I have this friend who appears to have never smoked, cussed, drank (drank? drunk? I'm terrible with that), or done an illegal substance in her life. She's not worldly or wealthy by any means, but she definitely appears to have it all together. Her clothing is Talbots, and her IQ is far above average. But this lady has dra-ma! And she's not creating it! She has been through more stuff than any one individual should have to endure in a lifetime, taking a lickin' and still tickin'. And it just might be the craziness, ugliness and chaos of an imperfect life that causes her to help others with the same kind of life. She helps unwed mothers, feeds folks at a mission, works with the addicted, and teaches English as a second language. She would do without to provide for someone else. She will wade through the seediest lives of the seediest individuals simply to bless them. This is not some ego trip; she's not out to single-handedly save the world. This wonderful lady sincerely wants to help others because she herself has been so blessed. 

Blessed?! "Didn't you just say she doesn't have a perfect life?" She doesn't. But the same way our perceptions cause us to judge others for what they have or have not endured, what they can or cannot overcome, our point of view reveals to us the benefits of having gone through some stuff. She knows she would not be the strong, compassionate person she is today, would not be able to help those she helps, would not appreciate the things she has and the life she lives were it not for the blessings of an imperfect life.

Tuesday, November 3, 2015

Just Follow and Point; Follow and Point

Once a week I have the privilege of hanging out with some of the best women I know. We are diverse in many ways, but share one, very significant love: Jesus. Some of these women have endured hardships like no other, some give of so much time and talent it is hard to believe. You would never know by looking at them.

Because when you look at them, you see Jesus.

And that's the way they want it.

We recently had a discussion about conversations with those who do not know Jesus or have fallen out of relationship with Him; specifically those who are living a lifestyle that goes against God's Word and the character of God revealed in it.

(I believe God has given us our personalities, experiences, talents and quirks to use for His glory. We all approach ministry as differently as we approach our relationship with Him. That being said...)

I tend to use a "non-invasive" approach. I've often wondered if, when it comes to telling others about Jesus, I punk out. I don't pull the "World's Tiniest Bible" out of my watch pocket and begin flipping pages; I don't rattle off verses; I don't carry a sign with "John 3:16" in big, bold letters; I don't blast K-Love from my basement; I'm not going to visit your house and suck my teeth when I see your Bible gathering dust, or a copy of the Quran lying open on the arm of your couch. I simply say, "Hello." I start a conversation; I try to establish a relationship; I try to serve others. I don't refer to "The Man Upstairs," or hide behind my role in church as my "Sunday gig" either. I make no bones about who I am or what I do. I just don't expect you to follow me, or Jesus for that matter.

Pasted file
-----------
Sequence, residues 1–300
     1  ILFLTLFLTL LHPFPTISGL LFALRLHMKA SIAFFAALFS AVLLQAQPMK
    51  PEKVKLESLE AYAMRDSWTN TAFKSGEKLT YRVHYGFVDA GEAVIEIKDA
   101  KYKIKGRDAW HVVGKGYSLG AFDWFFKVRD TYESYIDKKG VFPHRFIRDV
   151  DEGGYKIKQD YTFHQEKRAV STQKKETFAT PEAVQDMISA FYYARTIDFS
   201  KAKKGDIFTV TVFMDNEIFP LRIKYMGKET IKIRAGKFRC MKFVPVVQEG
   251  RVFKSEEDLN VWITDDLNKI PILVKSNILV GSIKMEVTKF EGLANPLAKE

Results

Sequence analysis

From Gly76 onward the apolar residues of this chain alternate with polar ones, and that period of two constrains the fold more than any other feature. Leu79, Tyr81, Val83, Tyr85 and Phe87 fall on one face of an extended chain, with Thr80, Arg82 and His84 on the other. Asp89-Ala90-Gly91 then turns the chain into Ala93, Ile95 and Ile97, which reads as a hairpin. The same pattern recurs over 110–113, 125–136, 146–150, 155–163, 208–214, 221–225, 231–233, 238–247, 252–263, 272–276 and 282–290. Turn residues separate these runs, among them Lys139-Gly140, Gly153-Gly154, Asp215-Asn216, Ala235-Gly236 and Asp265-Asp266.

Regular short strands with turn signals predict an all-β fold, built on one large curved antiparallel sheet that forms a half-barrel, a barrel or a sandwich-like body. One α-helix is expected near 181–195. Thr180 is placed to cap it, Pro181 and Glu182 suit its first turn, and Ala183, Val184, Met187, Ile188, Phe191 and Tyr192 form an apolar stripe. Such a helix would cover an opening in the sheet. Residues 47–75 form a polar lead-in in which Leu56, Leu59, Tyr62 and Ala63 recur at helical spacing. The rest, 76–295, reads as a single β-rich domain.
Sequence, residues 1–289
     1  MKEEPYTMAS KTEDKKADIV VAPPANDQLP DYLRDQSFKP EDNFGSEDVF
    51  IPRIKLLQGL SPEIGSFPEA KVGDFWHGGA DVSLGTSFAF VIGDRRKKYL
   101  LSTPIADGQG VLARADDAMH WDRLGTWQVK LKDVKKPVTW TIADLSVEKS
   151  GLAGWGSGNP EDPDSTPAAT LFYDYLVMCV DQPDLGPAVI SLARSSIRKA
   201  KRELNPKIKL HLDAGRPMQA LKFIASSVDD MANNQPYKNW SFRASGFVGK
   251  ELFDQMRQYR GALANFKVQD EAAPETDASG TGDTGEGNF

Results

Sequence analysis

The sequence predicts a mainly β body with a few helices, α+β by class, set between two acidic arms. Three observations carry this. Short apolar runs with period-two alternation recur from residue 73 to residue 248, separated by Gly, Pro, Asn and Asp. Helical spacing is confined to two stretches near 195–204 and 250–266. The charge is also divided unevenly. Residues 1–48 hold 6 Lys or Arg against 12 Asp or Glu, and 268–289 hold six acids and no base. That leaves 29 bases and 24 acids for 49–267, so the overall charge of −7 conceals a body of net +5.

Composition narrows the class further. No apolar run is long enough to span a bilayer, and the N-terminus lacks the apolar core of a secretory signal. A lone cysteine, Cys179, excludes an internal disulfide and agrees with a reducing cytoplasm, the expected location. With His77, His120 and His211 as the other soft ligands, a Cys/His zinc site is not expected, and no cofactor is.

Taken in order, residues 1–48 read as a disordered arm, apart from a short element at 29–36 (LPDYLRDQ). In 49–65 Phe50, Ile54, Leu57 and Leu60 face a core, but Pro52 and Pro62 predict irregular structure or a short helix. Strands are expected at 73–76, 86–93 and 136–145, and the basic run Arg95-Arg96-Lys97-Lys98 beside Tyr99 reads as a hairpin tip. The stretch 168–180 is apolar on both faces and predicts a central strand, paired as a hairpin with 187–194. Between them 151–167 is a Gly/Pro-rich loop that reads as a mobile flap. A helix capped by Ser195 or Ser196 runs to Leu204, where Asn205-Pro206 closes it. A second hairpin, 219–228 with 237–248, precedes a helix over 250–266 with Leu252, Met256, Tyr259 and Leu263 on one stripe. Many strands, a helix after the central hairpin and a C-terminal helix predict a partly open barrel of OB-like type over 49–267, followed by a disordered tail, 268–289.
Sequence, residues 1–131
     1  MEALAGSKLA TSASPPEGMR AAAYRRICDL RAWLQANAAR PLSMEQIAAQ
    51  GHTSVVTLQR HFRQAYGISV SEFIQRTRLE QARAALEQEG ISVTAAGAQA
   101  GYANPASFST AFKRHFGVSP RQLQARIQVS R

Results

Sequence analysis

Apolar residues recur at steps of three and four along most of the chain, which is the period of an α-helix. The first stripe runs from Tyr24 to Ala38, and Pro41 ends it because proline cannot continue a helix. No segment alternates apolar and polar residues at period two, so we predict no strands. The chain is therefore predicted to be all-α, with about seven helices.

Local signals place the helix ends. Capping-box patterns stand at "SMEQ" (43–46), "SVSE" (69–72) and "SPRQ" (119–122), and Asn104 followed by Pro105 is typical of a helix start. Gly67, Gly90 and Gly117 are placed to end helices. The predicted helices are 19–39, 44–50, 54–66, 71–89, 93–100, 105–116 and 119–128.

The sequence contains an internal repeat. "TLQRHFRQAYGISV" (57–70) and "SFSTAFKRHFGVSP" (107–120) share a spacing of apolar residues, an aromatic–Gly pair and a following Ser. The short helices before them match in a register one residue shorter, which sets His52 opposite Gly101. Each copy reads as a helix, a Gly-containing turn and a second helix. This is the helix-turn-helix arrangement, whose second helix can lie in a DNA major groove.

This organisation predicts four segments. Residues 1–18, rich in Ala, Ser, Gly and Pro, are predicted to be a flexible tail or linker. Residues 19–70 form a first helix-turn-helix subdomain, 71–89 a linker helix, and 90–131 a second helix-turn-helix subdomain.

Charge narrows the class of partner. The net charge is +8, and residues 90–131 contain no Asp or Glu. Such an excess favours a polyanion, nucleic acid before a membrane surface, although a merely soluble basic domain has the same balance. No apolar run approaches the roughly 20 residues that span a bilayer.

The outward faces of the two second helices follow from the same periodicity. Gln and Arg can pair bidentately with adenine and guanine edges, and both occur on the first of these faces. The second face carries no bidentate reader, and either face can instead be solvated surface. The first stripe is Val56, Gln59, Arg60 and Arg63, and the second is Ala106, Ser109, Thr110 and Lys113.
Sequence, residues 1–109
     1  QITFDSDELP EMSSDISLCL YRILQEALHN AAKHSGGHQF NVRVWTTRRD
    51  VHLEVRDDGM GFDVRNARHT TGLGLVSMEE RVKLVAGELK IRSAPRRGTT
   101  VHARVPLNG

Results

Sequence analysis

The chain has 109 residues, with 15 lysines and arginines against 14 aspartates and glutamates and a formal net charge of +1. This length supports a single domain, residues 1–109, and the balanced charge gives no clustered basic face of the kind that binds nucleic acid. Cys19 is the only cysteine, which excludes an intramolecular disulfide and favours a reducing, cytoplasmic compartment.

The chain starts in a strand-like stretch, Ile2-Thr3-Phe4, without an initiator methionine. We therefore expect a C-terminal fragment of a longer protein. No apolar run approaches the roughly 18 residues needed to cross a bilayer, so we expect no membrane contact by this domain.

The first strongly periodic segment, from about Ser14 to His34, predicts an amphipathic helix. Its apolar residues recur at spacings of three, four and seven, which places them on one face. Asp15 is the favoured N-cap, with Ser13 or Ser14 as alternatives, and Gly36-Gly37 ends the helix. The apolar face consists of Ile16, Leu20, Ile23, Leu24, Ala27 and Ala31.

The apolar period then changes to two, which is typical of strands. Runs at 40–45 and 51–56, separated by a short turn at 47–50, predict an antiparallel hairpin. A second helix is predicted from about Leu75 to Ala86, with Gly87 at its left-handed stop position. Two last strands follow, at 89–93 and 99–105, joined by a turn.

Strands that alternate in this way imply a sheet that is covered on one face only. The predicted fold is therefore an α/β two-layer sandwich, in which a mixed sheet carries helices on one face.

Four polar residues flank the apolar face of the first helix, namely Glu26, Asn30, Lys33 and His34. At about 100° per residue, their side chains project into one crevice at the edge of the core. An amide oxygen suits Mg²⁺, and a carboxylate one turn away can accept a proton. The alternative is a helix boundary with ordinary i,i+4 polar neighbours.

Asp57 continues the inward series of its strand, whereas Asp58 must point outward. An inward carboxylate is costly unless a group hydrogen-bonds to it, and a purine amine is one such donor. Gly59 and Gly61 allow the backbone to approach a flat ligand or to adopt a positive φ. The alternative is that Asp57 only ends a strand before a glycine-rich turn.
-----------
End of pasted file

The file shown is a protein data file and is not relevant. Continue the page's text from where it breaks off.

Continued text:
You see, I am a Christian. Following is my job. I am a follower of Jesus; that's what being a Christian means. By God's grace, I chose this. You make your choices. I hope and pray to show you a better one. But following, at least for right now, is what is expected of me.

And I point. If you ask, I will tell you precisely what God says about ___. I will debate you; if you question my beliefs, if you try to sell me your bill of goods, I will not hesitate to tell you the truth. If you and I have known one another for a while, if we are comfortable engaging in some tough dialogue, it's on. Whatever it takes, whatever the situation calls for, whatever our relationship allows, wherever the Holy Spirit leads, I will point. To Jesus. And nowhere else.

Monday, November 2, 2015

Learning to Let Go

Two weeks ago I participated in the Walk to End Alzheimer's. It was not what I anticipated. I had planned to walk with a friend. Two days prior, I picked up the phone to firm up our plans; her text message awaited: she had to cancel. I was disappointed. Saturday morning was beautiful; a perfect day for a walk. I made it to the site in plenty of time to visit vendors and get a sense of what this was all about; but the tables were staffed by home health care companies and assisted living facilities (not applicable), and walking my neighborhood alone is a far cry from walking alone in a group of hundreds of people. "I could just go home and walk the dogs. The money's been raised; there's no need for me to be here." I was bored and disappointed. It was the knowledge that I'd not posted here in weeks that kept my feet planted firmly in that lot and set my mouth to moving. Maybe I could find an adventure, but to do that, I had to let go.
It was then I noticed a couple holding an orange flower. An orange flower, according to Alzheimer's Association "rules", designates someone who has no personal connection to Alzheimer's, but is simply lending their support to the eradication of this menace. This young, upwardly mobile couple seemed to have stepped out of an ad for Prius or Morgan Stanley. Our brief chat was pleasant, but indeed, brief. I thanked them for their support.
I had my "team" picture taken. Don't judge; I was trying to make something happen here.

Then I saw someone who, like me, was alone. She had with her a purple flower. A purple flower is Alzheimer's Association code for a walker who has lost someone to Alzheimer's. My internal debate went something like this:

"You can't just walk up to her and ask her. No one is going to tell you about someone they lost to Alzheimer's. You are a total stranger."

"But that's what these people are here for."

"So what if she just lost the person recently, and she has a meltdown?"

"She looks pretty well-adjusted. Besides, most people love to tell their stories."

I finally convinced myself she was about to walk away any second, and I would miss an important opportunity, so I spoke. "I noticed your purple flower. You've lost someone to Alzheimer's?" And there it began. Our lives had included many of the same chapters, though the circumstances were very different; it was the fusion of divergent and parallel that caused the conversation to flow so freely. It ended two and a half miles, several minutes on the pier, a walk to the parking lot, several more minutes there, a ride to her car, the exchange of numbers, and a promise of lunch someday, later.

Such a simple thing, to approach a fellow human being and ask them about them. And yet, I almost allowed apprehension, disappointment, and expectations to block the path to friendship.